Many businesses currently depend on large quantities of data obtained across the internet through web scraping to implement business decisions. However, web scraping often confronts several challenges and, one such challenge is the honeypot traps.
On the other hand, Honeypots are a vital asset to the Cybersecurity of your organization as well.
So this article will provide an overview of Honeypots before moving onto how you can avoid honeypot traps in web scraping.
Honeypots in network security is a decoy system designed similar to a legitimate compromised system. Its primary objective is to bait cybercriminals into buying time and effort to exploit deliberate vulnerabilities to a computer system. It then alerts your in-house cybersecurity team of attackers’ compromised attempts.
This alertness would allow your security team to investigate the live attacks through honeypots to mitigate vulnerabilities and draw the attackers away from causing harm to the legitimate system.
Since honeypots are identical to an actual computer system with application software and data to deceive cybercriminals, it is deliberately developed with security loopholes. A prominent example would be some vulnerable ports left open to lure attackers into the honeypot rather than the actual system.
Also, another honeypot scenario would be mimicking a Payment Gateway page on the internet, which would be an ideal target for cybercriminals for spying on credit card numbers. Once a cybercriminal lands on such a page, your security team can assess their behavior and track their movements to make the legitimate Payment Gateway more secure.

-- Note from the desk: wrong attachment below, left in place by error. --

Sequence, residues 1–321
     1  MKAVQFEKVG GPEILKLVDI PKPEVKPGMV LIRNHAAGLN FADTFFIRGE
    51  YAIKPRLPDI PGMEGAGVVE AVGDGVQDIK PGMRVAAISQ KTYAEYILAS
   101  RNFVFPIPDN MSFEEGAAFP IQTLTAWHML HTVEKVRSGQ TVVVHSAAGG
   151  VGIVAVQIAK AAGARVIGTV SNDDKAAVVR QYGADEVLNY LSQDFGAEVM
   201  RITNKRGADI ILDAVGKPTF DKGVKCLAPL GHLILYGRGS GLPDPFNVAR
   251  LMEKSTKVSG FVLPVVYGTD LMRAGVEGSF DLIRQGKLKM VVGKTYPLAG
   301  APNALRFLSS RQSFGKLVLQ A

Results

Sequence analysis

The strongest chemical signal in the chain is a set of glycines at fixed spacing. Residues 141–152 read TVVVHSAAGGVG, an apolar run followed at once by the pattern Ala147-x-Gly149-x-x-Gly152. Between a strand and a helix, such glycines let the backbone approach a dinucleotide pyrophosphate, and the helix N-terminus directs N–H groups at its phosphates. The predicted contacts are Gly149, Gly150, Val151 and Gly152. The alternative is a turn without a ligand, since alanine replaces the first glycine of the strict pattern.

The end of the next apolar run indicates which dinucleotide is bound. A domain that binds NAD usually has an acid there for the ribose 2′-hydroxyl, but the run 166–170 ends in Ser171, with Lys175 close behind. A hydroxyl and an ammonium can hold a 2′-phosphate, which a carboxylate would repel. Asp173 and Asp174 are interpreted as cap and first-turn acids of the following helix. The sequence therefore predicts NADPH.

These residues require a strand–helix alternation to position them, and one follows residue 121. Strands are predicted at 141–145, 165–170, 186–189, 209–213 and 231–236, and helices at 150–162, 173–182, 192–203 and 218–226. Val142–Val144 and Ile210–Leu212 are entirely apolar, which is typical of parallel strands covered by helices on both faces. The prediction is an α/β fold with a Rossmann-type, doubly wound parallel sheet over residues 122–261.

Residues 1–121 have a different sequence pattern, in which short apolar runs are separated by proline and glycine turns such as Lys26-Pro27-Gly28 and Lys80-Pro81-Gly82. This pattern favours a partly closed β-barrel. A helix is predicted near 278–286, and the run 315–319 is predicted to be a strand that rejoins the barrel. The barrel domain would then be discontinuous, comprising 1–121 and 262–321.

From the honeypots’ operation, you could consider it a valuable tool that helps identify security vulnerabilities to your organization and spot new threats. Furthermore, you would analyze attackers’ trends and introduce mechanisms to shield from such threats.
Honeypots can be categorized based on their deployment and involvement levels. Based on deployment, you can categorize them as:
Production honeypots – these honeypots are deployed alongside real production servers on your organization’s internal network. Its objective is to detect active attacks on the internal network and divert them from the legitimate server.
Research honeypots – in contrast, research honeypots are used to collect and analyze how an attacker would implement a potential attack on the system by analyzing their behavior. Through such analysis, the security team would be able to enhance the defense of the system.
Then based on the involvement levels, honeypots can be classified as follows:
Pure honeypots-these are full-scale production systems that appear to contain confidential or sensitive data. The security teams monitor the attackers’ intentions by the bug tap installed where the honeypots connect to the network.
High interaction honeypots- the primary purpose is to get the attacker to invest as much time as possible to infiltrate the security loopholes to attack the system. This would allow your cybersecurity teams to observe the attackers’ target within the system and discover its vulnerabilities. A typical example of a high interaction honeypot would be a Database.
Medium interaction honeypot- mimic the application layer without an Operating System so that the attacker gets confused or delays their mission. This would enable your security experts to buy time to respond to the attack in this scenario.